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If you cannot remember or do not know when the brake fluid was replaced in your Thunderbird, it is time. I recommend replacing the fluid every three years. See the restoration manual pages 324-327 for how-to tips.
Some brake fluids do not mix, so it is important to know what type of fluid is in your vehicle. Typically we deal with only two types, glycol esters which is DOT 3 and DOT 4 and has been the standard for many years. Then there is Silicon fluid DOT 5.
Synthetic Brake Fluid is a fancy name that has been added to DOT 3 or DOT 4 in hopes of increasing sales – it is still glycol esters, so don’t be fooled with the word synthetic, it is still DOT 3 or DOT 4.
DOT 3 and DOT 4 will mix, no problem, but it is important to know that DOT 3 and DOT 4 will not mix with Silicone DOT 5. Simply put it will gum up the system. Before brake fluid is added to a system the type if unknown should be identified. This can be determined by removing a few table spoons of fluid from the system by either bleeding fluid through one of the wheel cylinders or simply removing it from the master cylinder with a syringe. Once removed mix it with water. DOT 3 or DOT 4 will mix with water. If it is Silicon fluid it will separate and float to the top very quickly. The photo shows silicon fluid on the left, and DOT 3 or DOT 4 thoroughly mixed with water on the right which will not separate.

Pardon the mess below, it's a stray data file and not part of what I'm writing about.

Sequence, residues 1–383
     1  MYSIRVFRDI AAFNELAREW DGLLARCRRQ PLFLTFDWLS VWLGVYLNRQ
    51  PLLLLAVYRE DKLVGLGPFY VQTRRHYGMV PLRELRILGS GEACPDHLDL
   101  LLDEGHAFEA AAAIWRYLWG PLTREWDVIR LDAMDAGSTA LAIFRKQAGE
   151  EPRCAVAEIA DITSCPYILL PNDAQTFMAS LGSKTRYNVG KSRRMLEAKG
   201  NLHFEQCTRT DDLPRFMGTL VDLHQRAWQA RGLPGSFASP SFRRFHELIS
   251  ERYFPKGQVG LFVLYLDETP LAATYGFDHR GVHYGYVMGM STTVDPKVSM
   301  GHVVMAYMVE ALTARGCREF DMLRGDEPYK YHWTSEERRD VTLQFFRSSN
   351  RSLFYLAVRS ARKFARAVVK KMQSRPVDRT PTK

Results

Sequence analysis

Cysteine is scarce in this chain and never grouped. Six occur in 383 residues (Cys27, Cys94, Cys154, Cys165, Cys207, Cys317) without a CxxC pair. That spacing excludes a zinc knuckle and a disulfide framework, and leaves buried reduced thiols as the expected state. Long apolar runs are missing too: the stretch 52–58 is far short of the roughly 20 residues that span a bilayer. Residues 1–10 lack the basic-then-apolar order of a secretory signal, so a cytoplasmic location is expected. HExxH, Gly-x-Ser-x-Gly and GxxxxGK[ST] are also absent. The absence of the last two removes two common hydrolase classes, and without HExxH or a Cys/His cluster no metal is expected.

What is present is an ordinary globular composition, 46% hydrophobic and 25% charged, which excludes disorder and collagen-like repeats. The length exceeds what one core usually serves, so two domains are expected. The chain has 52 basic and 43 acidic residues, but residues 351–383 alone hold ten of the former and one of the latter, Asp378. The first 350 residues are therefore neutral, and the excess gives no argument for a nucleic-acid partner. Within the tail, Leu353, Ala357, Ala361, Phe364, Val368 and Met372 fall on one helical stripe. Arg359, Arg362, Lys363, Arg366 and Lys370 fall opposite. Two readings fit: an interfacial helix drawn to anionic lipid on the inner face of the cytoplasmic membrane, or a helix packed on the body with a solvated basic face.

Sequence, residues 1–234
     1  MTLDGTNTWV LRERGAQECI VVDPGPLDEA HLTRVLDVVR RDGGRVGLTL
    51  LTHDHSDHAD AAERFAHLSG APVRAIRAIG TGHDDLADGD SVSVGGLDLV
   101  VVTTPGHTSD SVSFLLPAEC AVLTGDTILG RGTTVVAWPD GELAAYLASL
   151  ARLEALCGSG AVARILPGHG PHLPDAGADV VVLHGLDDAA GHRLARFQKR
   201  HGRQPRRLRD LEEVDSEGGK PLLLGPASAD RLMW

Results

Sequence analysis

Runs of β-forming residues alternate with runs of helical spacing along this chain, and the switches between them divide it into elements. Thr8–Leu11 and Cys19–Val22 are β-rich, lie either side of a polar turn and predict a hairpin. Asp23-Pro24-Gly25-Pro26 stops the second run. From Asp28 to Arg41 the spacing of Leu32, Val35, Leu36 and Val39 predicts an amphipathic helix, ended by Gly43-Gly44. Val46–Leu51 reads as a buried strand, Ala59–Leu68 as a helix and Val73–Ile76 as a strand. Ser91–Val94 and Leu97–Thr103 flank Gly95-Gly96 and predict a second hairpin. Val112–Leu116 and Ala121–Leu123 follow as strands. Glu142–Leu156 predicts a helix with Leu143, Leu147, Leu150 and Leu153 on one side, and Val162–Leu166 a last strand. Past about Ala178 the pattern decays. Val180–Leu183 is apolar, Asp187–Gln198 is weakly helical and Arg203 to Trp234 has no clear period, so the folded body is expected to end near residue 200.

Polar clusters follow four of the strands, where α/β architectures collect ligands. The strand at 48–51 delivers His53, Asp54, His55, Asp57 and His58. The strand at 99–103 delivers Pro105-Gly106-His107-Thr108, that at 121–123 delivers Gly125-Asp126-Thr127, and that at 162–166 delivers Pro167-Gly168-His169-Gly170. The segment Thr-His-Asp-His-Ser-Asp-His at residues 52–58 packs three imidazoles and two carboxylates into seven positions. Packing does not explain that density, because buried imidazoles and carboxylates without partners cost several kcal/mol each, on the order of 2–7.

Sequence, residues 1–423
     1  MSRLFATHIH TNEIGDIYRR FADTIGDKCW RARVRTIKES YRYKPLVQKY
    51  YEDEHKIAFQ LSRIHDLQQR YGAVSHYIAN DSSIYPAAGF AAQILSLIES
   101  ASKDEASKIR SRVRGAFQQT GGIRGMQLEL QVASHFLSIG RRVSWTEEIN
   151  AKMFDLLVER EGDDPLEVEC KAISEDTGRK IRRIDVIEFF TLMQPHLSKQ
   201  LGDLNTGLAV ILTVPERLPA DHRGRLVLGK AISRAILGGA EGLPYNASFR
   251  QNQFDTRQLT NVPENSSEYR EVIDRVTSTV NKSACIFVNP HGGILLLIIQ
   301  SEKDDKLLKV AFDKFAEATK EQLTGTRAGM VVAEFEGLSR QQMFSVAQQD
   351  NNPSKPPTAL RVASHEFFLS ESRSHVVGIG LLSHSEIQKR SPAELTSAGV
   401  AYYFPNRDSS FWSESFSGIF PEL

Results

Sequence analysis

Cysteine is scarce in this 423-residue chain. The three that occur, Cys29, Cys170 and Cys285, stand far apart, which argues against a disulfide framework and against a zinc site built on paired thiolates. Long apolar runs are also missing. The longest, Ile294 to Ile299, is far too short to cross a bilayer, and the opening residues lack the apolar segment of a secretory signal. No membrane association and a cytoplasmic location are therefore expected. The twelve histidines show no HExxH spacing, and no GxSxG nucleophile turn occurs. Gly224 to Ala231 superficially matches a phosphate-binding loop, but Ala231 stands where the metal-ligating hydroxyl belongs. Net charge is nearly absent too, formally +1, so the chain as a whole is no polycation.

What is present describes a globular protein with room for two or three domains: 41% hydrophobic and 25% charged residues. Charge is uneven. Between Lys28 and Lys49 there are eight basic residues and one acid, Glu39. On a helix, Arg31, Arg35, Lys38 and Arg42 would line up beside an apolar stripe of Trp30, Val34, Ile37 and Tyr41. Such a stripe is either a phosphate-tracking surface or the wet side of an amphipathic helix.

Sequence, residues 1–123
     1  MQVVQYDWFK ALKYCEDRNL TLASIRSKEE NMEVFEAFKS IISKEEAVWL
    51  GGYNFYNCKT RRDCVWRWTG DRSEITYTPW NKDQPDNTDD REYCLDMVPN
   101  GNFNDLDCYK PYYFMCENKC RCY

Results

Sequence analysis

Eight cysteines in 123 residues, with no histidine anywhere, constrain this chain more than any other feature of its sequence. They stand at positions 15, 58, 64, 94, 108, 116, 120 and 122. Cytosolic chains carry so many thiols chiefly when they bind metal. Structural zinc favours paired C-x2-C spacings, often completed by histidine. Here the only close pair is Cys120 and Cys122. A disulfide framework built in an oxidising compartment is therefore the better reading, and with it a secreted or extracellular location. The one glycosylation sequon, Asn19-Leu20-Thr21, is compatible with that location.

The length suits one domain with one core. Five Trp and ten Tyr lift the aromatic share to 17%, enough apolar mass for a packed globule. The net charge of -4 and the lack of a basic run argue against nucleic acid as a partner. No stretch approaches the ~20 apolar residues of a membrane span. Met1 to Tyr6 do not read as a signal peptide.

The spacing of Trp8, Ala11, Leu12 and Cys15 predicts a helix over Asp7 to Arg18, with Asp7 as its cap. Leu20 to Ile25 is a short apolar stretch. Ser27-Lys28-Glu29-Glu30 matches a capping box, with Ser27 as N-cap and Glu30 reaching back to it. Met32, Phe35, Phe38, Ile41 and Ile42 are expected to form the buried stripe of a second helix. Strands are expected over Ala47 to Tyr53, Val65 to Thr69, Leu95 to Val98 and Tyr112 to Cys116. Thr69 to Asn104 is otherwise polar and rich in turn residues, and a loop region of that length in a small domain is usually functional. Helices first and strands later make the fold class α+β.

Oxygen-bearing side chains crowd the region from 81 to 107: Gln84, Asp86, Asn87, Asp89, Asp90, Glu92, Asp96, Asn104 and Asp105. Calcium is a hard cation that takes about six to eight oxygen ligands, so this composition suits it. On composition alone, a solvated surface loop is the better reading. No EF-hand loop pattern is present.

For detailed information on the chemical nature of brake fluid see the Gil’s Garage article Brake Fluid, written by Steve Wall, a former materials engineering supervisor at a major brake system supply company.